Lobster maki roll


One of the more interesting restaurants to open in Soho in recent years is Yo Sushi, fast food Japanese style, with the longest sushi conveyor belt in the world. The basic idea is that hungry guests sit at the rather cramped counter and watch all these wonderful dishes go by, grabbing whatever takes their fancy. Bills are calculated by counting how many empty plates there are, and drinks are dispensed from a patrolling robot. In practice, quite a lot of the dishes fall short of even rather basic Japanese standards, but it is cheap, it is quick and they do have their moments: this hand-rolled sushi with lobster being one of them. I would not normally recommend domestic cooks to try making sushi, but this one requires relatively little skill.

You will need to find a Japanese shop to buy the rice, wasabi, nori and vinegar. The vinegar’s name in Japanese is Sushi-Su, which sounds a bit like a down-market geisha to me. Most Chinese and Thai supermarkets have a small Japanese section, and none of the ingredients needed is at all obscure. There is a small Japanese shop on Brewer Street which sells everything needed, and has some interesting take-away food as well. The hardest ingredient to source may well be the lobster; if this is the case, substitute white crab meat or lightly cooked tiger prawns.

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  • 450 g Japanese short-grain rice
  • 800 ml water


  • 120 ml Japanese rice vinegar (Mitsukan is the best brand)
  • 6 tbsp caster sugar
  • 1 tbsp salt

Nori Rolls

  • 8 sheets nori (dried laver seaweed, sold in paper-thin sheets; buy the best grade which comes ready toasted. Keep what you don’t use in a tin)
  • ½ cucumber, half peeled in strips, cut into 8 cm lengths, cored and cut into matchstick thin batons
  • wasabi (horseradish), available ready-mixed in tubes or in powder (mix exactly like mustard powder with the same volume of water)
  • 250 g cooked lobster meat (approx the meat from a 600-700 g fish, available in many supermarkets and fishmongers)
  • 1 ripe avocado, halved, stoned and cut into 3 mm thick strips (do at the last minute and sprinkle with a little lemon juice)

Hand Vinegar

  • 250 ml water mixed with 2 tbsp rice vinegar


Washing the Rice

Do this 2 hours before preparing anything else.

Place the rice in a large bowl, cover with cold water, stir and immediately drain. Massage the rice with the palm of your hand for a few moments. Repeat this step until the water doesn’t go milky. This process is rather tedious but utterly essential. Pour the rice into a colander and let stand for 60 minutes. The rice expands and softens a little during this drying time.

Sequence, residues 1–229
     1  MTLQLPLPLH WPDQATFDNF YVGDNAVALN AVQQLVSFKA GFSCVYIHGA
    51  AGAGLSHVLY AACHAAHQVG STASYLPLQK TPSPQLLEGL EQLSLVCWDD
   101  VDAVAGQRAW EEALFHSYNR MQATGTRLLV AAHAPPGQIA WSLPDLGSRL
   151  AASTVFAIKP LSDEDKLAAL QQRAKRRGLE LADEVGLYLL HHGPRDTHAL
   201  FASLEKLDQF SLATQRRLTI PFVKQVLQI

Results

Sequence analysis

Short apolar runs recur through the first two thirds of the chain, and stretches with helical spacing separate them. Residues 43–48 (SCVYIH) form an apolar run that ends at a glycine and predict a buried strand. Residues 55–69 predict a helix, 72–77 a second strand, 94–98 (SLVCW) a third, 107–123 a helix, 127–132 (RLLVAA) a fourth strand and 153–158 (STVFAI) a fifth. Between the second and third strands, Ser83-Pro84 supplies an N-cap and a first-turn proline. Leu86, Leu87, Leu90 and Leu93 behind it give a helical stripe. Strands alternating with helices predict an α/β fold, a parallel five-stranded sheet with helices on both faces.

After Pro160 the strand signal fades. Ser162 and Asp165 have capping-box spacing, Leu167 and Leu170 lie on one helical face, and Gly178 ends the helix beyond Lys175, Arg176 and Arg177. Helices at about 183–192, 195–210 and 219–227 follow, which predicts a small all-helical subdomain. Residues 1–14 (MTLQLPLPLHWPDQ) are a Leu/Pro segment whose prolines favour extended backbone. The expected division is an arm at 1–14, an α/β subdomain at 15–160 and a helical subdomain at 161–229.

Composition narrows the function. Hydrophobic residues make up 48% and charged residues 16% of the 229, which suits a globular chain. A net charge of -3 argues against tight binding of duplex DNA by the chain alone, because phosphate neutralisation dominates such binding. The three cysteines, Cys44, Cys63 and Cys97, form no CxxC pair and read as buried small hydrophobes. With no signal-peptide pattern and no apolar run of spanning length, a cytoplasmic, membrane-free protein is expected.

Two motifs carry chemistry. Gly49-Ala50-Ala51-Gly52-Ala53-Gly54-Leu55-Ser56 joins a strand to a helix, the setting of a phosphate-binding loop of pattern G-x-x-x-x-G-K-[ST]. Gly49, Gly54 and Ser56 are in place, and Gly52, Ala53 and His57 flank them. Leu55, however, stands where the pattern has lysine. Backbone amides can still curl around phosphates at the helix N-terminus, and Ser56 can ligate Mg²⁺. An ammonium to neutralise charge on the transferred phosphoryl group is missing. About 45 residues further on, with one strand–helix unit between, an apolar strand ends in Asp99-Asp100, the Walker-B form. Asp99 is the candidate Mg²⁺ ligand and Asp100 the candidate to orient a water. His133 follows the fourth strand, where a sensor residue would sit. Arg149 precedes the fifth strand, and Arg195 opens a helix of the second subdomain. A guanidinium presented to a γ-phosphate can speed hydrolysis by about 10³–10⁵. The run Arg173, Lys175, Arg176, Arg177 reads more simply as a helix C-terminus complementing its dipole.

Making the Dressing

Combine the ingredients in a saucepan and heat, stirring until the sugar is dissolved.

Cooking the Rice

Put the rice and the measured water in a heavy-bottomed saucepan, cover and bring slowly to the boil over a medium heat. When the water boils, turn the heat up and boil for 3 minutes, then reduce the heat to medium again and simmer/boil for a further 5 minutes. Turn the heat low and simmer for a final 5 minutes. Leave to stand, covered, for 15 minutes off the heat.

This technique of rice cooking seems as complicated as washing-machine cycles; a rice cooker does it all automatically.

Dressing the Rice

You must dress the rice as soon as the cooking cycle has ended.

Turn the rice out into a large bowl. Slowly pour 150 ml of the dressing over the hot rice, cutting through with a wooden spoon rather than stirring. It is important that the rice is mixed well by this process. As soon as the rice is lukewarm, cover with a damp cloth. Do not refrigerate.

Assembling the Rolls

Prepare all the ingredients, including the ‘hand vinegar’ (which you must moisten your fingers with every time you handle the cooked rice).

With scissors, cut the nori into 8 cm squares. Lay a square on a very dry and clean chopping board. Moisten your hands with the ‘hand vinegar’ and spread about 1 heaped tbsp of rice on half the sheet. The rice should be in greater quantity at one end because the roll is going to be cone shaped. Towards the centre lay 3 cucumber strips and about a tenth of the lobster meat. Add 1 avocado strip. The non-rice ingredients should be lying on top of one another, nearly at the edge of the rice. Dab a line of wasabi along the rice immediately next to the vegetables and lobster. Roll into a cone, using a crushed grain or two of rice to stick it together. Your first effort will look amateurish, but will taste delicious. Dexterity will improve rapidly. Try and get the lobster in the centre of the roll, with it and the other ingredients surrounded by the prepared rice.


The rolls are eaten by hand, and a good soy sauce like Kikkoman is used as a dip. Do not assemble these rolls in advance, as the nori will go soggy, rendering all your work pretty pointless. Think sushi chef here, and meticulously arrange all the component parts of the dish beforehand. If everything is well organised, then the assembly can be done easily and quickly.